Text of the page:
Muhammad-Idris who is a medical practitioner, added that breastfeeding also reduced the disease burden for mothers.


Minimum wage: Archbishop urges compromise



Last Updated on June 9, 2024 by Fellow Press

Archbishop Joseph Ojo, General Overseer of the Calvary Kingdom Church, Okokomaiko, Lagos State, on Saturday urged labour leaders and the Federal Government to reach a compromise as regards a new minimum wage.

Ojo made the appeal in an interview with the News Agency of Nigeria (NAN) in Lagos.

The archbishop described wage negotiation as a social contract that should be approached with empathy by parties.

According to him compromise is needed in the matter to save the country from anxiety.

“They should consider the fact that the unemployed are much more than the few that are in government employment.

“The federal, states and local governments only employed some workers.

“Others are in firms owned and operated by individuals that might not be able to pay higher wage.

“The higher they push it, the higher the inability of the unemployed to survive, because firms, which struggle to pay staff, may not talk of hiring new ones,” he said.

The cleric said that lack of employment might result in increase in crimes.

“There are private sector employers, who cannot cope with what the federal or states will offer,” he added.

The cleric said that high wage bill might compel private schools to increase school bills to meet up with overhead costs.

“Some parents will not meet up, and their children would be forced to drop out of school,” he said.

He also advised governments to consider subsisting social-economic variables, such as cost of food items, transport and medical bills, and offer a sustainable minimum wage.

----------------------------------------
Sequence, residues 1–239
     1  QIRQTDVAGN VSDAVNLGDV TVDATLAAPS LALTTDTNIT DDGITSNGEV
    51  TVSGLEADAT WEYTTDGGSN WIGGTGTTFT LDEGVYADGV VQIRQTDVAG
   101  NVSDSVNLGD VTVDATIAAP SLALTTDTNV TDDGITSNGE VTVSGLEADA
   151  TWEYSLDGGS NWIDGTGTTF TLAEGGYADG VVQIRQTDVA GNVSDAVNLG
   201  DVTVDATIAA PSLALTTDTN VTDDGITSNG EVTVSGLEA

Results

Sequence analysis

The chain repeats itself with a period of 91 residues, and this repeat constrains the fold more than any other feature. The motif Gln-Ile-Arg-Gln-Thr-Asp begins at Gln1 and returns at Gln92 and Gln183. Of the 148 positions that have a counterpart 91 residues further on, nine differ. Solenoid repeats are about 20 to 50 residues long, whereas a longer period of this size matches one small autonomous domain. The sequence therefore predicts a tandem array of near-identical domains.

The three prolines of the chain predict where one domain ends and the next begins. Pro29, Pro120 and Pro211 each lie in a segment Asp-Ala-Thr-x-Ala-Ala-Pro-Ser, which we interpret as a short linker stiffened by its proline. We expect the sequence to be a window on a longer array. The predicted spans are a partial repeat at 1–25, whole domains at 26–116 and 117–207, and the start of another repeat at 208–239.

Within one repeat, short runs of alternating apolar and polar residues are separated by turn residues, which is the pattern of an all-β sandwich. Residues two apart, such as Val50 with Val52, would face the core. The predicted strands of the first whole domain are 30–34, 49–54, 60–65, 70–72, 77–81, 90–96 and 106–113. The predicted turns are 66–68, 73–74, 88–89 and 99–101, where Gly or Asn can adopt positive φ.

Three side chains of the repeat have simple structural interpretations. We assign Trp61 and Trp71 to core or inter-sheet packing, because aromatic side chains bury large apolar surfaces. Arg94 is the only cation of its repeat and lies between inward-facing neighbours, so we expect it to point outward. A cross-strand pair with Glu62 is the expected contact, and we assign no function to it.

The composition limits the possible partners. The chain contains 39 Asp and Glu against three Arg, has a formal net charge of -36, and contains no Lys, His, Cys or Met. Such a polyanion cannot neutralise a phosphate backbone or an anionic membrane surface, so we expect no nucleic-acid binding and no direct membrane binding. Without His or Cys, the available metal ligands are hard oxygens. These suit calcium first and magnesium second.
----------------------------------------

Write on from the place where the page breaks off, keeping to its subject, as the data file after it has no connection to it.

“The parties ought to put all these into consideration to achieve progress in their negotiation,” the cleric said.

NAN reports that the Nigeria Labour Congress and the Trade Union Congress are now demanding N250, 000 as a new minimum wage.

The Federal Government has offered to pay N62,000.

Negotiations are ongoing.

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Over 200 intending pilgrims protest in Ilorin over faulty aircraft



Last Updated on June 7, 2024 by Fellow Press

No fewer than 200 intending pilgrims from Kwara on Friday protested at llorin international Airport over the inability of an aircraft to transport them to Saudi Arabia.

The pilgrims, officials of the State Pilgrims Welfare Board and the 2024 state Amirul Hajj had boarded the aircraft since Thursday.

The aircraft was, however, said to have developed a technical fault.

Some engineers with the Federal Airport Authority had been making frantic efforts to repair the faulty aircraft since Thursday without success.

Consequently, some of the intending pilgrims staged a protest over the development.

The intending pilgrims, alongside their relations, took the protest to the highway linking the airport with other communities to express their displeasure over the situation.

Some of the protesters were seen singing solidarity songs condemning the situation, especially since they are the tenth and last batch from the state.

Sen. lbrahim Oloriegbe, the state’s 2024 Amirul Hajj, while speaking with NAN, attributed the failure to transport the last batch of the pilgrims to faulty aircraft.

Oloriegbe said the intending pilgrims had boarded the aircraft since Thursday but were unable to be transported following the development.

The Amirul hajj said that they are expecting another aircraft from Medinnah to transport the intending pilgrims and the officials.

He appealed to them to exercise patience, as the National Hajj Commission of Nigeria was on top of the situation.

He said that the board would continue to cater for the feeding of the intending pilgrims pending when they would be transported to the holy land.